Dawn Janssen and I researched how 18-24-year-olds are adjusting to workplace technology conventions. Our respondents are handling things a lot differently than we (and the literature) expected. Thanks to ASU News for writing about the findings, which are out in IEEE Transactions on Professional Communication now!
The abstract is here:
Background: People born between 1995 and 2012, referred to as Generation Z, grew up alongside significant technological advancements in communication. This cohort’s oldest members are now entering the workforce.
Literature review: Although the merits of generational research have been questioned, Generation Z’s personal communication preferences and habits demonstrate unprecedented technological experiences and expectations in the workplace.
Research questions: 1. What are Generation Z’s current habits in using smart technology, social media, and voice communication for personal communication? 2. How does the current workplace communication environment appear through the lens of Generation Z? 3. Do the personal communication habits of Generation Z conflict with current workplaces?
Methodology: The study reports on a 207-participant exploratory survey and 6 interviews with Generation Z members in January–March 2020. The survey included multiple choice and open-ended questions regarding respondents’ personal and workplace communication habits and expectations. The interviews allowed further investigation of survey responses.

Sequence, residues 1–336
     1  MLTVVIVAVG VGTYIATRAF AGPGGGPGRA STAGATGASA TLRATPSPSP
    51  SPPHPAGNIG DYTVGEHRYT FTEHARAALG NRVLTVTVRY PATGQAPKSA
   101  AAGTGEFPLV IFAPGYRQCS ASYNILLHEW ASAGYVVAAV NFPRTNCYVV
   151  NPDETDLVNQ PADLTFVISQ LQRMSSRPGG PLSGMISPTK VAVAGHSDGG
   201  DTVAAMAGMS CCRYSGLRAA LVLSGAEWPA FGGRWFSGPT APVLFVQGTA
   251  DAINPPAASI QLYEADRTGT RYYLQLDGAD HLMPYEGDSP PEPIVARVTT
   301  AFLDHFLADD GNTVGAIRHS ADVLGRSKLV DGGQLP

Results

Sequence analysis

Results: Working Generation Z respondents hold unexpected attitudes and behaviors, including awareness of the negatives of technology use, differences in personal preferences and professional behaviors, self-regulation of technology use, and concern for boundaries between personal and work life.
Conclusion: Generation Z’s ability to adapt to current workplace norms may slow changes in workplace communication. Their awareness of disruptive communication habits could make positive changes to workplace communication in the future. Employers should resist negative generational stereotypes and develop new communication policies to reflect current and future-looking technology use. This study was completed prior to COVID-19 and does not include pandemic-related workplace technology changes.